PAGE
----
Tocilizumab is associated with an unexplained increased rate of bowel perforation.(15) The British Society for Rheumatology guidelines recommend using tocilizumab with caution in patients with a history of diverticular disease, and suggest that the concomitant use of non-steroidal anti- inflammatory drugs or glucocorticoids increases the risk further.(5) The rate of perforation is approximately 2.7 per 1,000 patient-years, as compared to 0.2 to 0.6 per 1,000 patient-years for patients with RA receiving other disease modifying anti-rheumatic drugs. Interestingly, the majority of patients who develop bowel perforation on tocilizumab do not have pre- existing diverticular disease, possibly because of the uncertainty regarding the increased risk of perforated diverticula. Many of these patients presented with mild, non-specific symptoms rather than with an acute abdomen. This finding may be due to masking of the systemic inflammatory response by tocilizumab or due to a benign underlying etiology.(16)
We propose that in this case, tocilizumab predisposed to the development of PI. Subsequently, rupture of an intramural gas-filled pseudocyst led to pneumoperitoneum in the absence of frank intestinal perforation.
The observation that withdrawal of tocilizumab was followed by rapid resolution of the pneumoperitoneum adds weight to our hypothesis. It was also possible that PI was secondary to the suspected ileal stricture, and that tocilizumab merely promoted the development of pneumoperitoneum while dampening the accompanying inflammatory response that one would expect. The significance of the positive anti U1-RNP antibodies in our patient is not clear.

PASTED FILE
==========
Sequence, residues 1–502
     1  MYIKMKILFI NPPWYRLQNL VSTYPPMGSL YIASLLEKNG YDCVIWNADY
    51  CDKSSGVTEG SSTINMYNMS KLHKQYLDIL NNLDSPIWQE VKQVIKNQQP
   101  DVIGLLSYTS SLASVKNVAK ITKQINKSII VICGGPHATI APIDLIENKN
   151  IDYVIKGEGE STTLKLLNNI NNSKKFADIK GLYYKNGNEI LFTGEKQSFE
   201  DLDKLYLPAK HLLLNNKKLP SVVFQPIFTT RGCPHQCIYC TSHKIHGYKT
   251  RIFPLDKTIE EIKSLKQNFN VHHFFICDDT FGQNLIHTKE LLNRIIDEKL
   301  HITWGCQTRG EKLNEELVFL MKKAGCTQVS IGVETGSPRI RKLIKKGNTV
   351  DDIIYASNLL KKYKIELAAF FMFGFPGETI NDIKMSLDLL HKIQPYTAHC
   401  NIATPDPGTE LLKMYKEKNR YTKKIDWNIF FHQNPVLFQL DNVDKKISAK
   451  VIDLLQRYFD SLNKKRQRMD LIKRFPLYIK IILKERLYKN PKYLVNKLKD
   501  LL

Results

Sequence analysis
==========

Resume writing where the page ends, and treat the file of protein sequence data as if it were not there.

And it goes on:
Despite the lack of a definitive explanation for this patient’s condition, we believe that this case highlights a novel potential complication of tocilizumab therapy. To our knowledge, there are no published case reports in the literature linking tocilizumab and PI. This case demonstrates that tocilizumab may be associated with the development of PI and subsequent pneumoperitoneum. This clinical picture may be alarming if the clinician is unfamiliar with the condition, and may lead to unnecessary investigation and management, including unnecessary emergency laparotomy.
Further studies are required to elucidate the relationship between tocilizumab and bowel perforation. It will be of great interest to document the findings of PI in cases of tocilizumab- associated bowel perforation, as PI may explain this mysterious and worrying adverse effect.
Citation: Jacobs B, Jawad A, Fattah Z. Pneumatosis Intestinalis and Intestinal Perforation in a Patient Receiving Tocilizumab. Arch Rheumatol 2018;33(3):372-375.
The authors declared no conflicts of interest with respect to the authorship and/or publication of this article.
The authors received no financial support for the research and/or authorship of this article.